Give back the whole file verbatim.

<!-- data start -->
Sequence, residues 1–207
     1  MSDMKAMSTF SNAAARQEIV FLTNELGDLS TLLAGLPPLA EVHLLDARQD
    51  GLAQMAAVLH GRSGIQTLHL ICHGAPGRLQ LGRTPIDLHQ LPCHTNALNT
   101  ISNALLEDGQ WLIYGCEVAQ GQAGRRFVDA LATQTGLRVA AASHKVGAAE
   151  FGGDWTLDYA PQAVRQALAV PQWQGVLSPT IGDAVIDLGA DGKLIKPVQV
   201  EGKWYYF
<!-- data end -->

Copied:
Sequence, residues 1–207
     1  MSDMKAMSTF SNAAARQEIV FLTNELGDLS TLLAGLPPLA EVHLLDARQD
    51  GLAQMAAVLH GRSGIQTLHL ICHGAPGRLQ LGRTPIDLHQ LPCHTNALNT
   101  ISNALLEDGQ WLIYGCEVAQ GQAGRRFVDA LATQTGLRVA AASHKVGAAE
   151  FGGDWTLDYA PQAVRQALAV PQWQGVLSPT IGDAVIDLGA DGKLIKPVQV
   201  EGKWYYF